Hanwha Q Cells Brings Patent Fight To Australia

Hanwha Q Cells solar patent

Following action in the USA and Germany, Hanwha Q Cells has now filed patent infringement complaints against two solar panel manufacturers with the Federal Court of Australia.

Earlier this month, Hanwha announced the filing of complaints against Longi Solar, REC Group and JinkoSolar with the U.S. International Trade Commission (ITC) and the U.S. District Court for the District of Delaware. Also filed with the Regional Court of Düsseldorf in Germany were similar complaints against JinkoSolar and REC Group.

The Australian complaint alleges JinkoSolar and Longi Solar are importing and selling solar cells and panels that infringe Hanwha Q Cells’ Australian patent rights.

The Australian patent in question according to Hanwha Q Cells  is 2008323025 : Method for manufacturing a solar cell with a surface-passivating dielectric double layer, and corresponding solar cell.

Hanwha Q Cells says it is seeking an order to prevent JinkoSolar and Longi Solar from importing, marketing and selling what it claims are infringing products in Australia.

It’s a little less drastic than in Germany, where the company also seeks a recall and destruction of alleged infringing products. Yes, destruction. Such an attempted action in Australia might see Hanwha having to pry those solar panels from their Aussie owners’ cold, dead hands.

As reported yesterday, Longi Solar had stated prior to the Australian complaint announcement the disputed patents hinge on deposition technology – a type that Longi does not use.

Hanwha disagrees.

“The patent claims asserted by Hanwha Q CELLS are not restricted to any particular method of manufacture, such as atomic layer deposition (ALD) or plasma-enhanced chemical deposition (PECVD),” states the company. “Instead, the asserted claims of Australian patent no. 20083232025 (and its equivalents in the U.S. and Germany) are directed to a solar cell structure with a first dielectric layer including aluminum oxide and a second dielectric layer that contains hydrogen.”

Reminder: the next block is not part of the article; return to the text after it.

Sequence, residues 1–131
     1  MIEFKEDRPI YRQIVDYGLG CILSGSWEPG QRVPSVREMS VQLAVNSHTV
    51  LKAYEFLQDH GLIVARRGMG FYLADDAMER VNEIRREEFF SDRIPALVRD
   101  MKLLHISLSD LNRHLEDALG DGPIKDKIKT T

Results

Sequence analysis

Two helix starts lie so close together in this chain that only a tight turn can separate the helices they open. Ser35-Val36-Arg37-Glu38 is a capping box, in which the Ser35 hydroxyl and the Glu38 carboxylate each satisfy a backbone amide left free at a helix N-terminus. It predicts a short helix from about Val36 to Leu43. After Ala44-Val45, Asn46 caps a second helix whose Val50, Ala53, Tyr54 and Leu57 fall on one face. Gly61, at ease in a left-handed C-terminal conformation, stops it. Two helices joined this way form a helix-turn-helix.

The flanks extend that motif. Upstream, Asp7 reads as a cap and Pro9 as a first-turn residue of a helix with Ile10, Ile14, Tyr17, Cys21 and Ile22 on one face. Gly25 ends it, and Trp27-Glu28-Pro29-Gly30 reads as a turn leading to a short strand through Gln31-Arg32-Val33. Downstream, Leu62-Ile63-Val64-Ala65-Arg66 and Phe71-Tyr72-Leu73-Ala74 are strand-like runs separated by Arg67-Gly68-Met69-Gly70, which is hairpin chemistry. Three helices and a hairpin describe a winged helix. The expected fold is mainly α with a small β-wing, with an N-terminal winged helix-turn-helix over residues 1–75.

Got that? Good.

SolarQuotes founder Finn and chief writer Ronald discussed the issue last week in SolarQuotes Vodcast Episode 7, prior to the Australian complaint announcement:

Finn said it was a sad state of affairs given we’re in a situation where the rollout of solar power needs to be accelerated – and Hanwha Q Cells is talking about destroying panels. How many modules that could potentially be isn’t clear.

Ronald’s carefully considered and eloquently delivered assessment of the situation was that it “sucks balls”.

About Michael Bloch

Michael caught the solar power bug after purchasing components to cobble together a small off-grid PV system in 2008. He's been reporting on Australian and international solar energy news ever since.

Comments

  1. Interesting that as the US pursues its clampdown on Chinese IP theft, Chinese manufacturers are starting to squabble amongst themselves about the same thing. The US’s imperialistic litigious propensity is spreading to its opponents.

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